I had always leaned toward ee cummings punctuation wise, and then the iPhone thing pretty much cemented it.
Lately I’ve been posting photos on Instagram, not on WordPress. Because I guess I like my social media to be as organized as the food on my plate.
This is from today….
Maybe because it suits her mood most days, she parks in the lowest level of the parking garage at work.
Only today – several thousand days into her existence here – did she realize that the garage elevator labeled the ground floor as “Roof level” – like maybe it was transporting her to a glamorous penthouse instead of just to the entry floor of the office complex.
And she decided to hang on to that idea the rest of the gloomy day.
You think it’s just you.
But then you realize that there are other people who are more likely to run out of toilet paper before they would run out of coffee.
It has just happened to you a few times more than the average person.
She noticed that the local church was giving out blessed water in Poland Spring bottles now. Well, now, she thought, nothing like the convenience of grab-n-go holy water without the wait for spiritual repentance.
I’ve been trying to follow along on Facebook and Instagram and Twitter, people, but I still have no idea what’s going on – not even the fake stuff sticks. That social media highway is just moving too fast for me and I don’t want to be that one single person who says, “Uh, when did you get divorced/pregnant/canned from work/disowned by your relatives/your hair dyed”, etc.
Can’t we just meet for coffee and call it a day? Or even better, make plans to meet for coffee that we then cancel after which we trade a few mild guilt-ridden texts or emails to catch up ?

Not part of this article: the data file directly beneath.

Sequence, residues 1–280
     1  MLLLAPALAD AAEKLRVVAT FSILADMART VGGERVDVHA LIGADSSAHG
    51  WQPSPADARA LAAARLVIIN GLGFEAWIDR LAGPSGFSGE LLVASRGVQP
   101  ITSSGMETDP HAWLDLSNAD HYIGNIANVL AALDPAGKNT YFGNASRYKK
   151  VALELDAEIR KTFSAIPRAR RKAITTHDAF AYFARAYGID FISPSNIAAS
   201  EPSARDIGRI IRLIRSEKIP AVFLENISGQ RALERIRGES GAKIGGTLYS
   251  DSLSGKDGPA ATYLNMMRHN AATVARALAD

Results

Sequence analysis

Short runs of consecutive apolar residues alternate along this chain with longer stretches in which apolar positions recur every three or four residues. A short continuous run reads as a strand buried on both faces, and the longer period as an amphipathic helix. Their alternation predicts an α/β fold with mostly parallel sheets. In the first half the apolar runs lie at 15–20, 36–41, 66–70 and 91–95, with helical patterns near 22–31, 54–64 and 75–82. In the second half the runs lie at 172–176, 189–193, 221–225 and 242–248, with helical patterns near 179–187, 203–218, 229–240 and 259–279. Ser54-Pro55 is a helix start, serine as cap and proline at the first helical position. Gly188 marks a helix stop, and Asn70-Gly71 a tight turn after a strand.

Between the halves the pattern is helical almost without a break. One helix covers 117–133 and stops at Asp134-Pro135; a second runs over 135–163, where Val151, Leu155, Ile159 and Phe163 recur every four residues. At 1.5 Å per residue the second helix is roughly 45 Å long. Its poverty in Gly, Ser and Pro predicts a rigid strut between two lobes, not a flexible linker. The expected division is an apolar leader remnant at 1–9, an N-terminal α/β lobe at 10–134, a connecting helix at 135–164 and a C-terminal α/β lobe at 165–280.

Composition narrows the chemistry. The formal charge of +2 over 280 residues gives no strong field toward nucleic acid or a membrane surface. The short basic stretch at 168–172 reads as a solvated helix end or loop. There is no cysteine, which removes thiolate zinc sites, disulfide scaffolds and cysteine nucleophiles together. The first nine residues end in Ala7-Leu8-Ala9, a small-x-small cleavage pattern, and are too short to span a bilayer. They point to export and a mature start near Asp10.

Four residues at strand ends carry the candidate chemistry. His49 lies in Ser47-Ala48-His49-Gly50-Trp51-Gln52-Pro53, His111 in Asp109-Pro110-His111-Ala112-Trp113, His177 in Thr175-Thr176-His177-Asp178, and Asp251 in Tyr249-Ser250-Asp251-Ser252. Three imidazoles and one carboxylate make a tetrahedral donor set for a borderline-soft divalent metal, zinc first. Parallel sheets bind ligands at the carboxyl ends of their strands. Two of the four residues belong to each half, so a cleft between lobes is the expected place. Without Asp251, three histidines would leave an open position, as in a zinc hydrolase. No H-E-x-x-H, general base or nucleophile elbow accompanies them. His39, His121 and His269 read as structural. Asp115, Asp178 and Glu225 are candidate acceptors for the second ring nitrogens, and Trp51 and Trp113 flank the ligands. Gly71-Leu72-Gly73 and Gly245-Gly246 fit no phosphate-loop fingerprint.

That’s my kind of socializing.
I can see you,
offer as conversation
and from what you
don’t say, I learn so
much about you.
I ate half of a live grasshopper at lunch this week. And not on purpose. It was covered in sesame ginger dressing and wiggling it’s arms weakly at me after I bit into its crunchy thorax.
You’d imagine it would have tasted nasty or otherwise “different” but it was the cafeteria and most of the things there taste gross to me. Eating there is about staying alive, not about enjoying the taste of the food.
The cafeteria manager, who I happen to know quite well, told me that the grasshopper was a sign of how fresh the salad was, that a few live grasshoppers was the price to be paid for “locally sourced organic” produce.
I spent the rest of the day drinking boatloads of water and thinking that a prickly leg was still caught in my throat.
And that was kind of the end of the “farm to table” movement for me.
Her favorite work time stress reliever – totally old school – was to crumple up sheets of paper in frustration and throw them around her work area.
But since the company took away all of their personal trash cans, she’d been a little down in the dumps. The collectively shared, socially responsible, skinny bins had the most narrow slot for inserting paper, one that did not accommodate her many balled-up sheets of torn notepad pages.
Now, at the end of every day, she stood around smoothing out the sheets at the institutional gray recycling bin and felt the pleasure drain out of her psyche.
She wrote a haiku about Godzilla.
And that was just what she did this morning at work.
She could hardly wait for the rest of the day.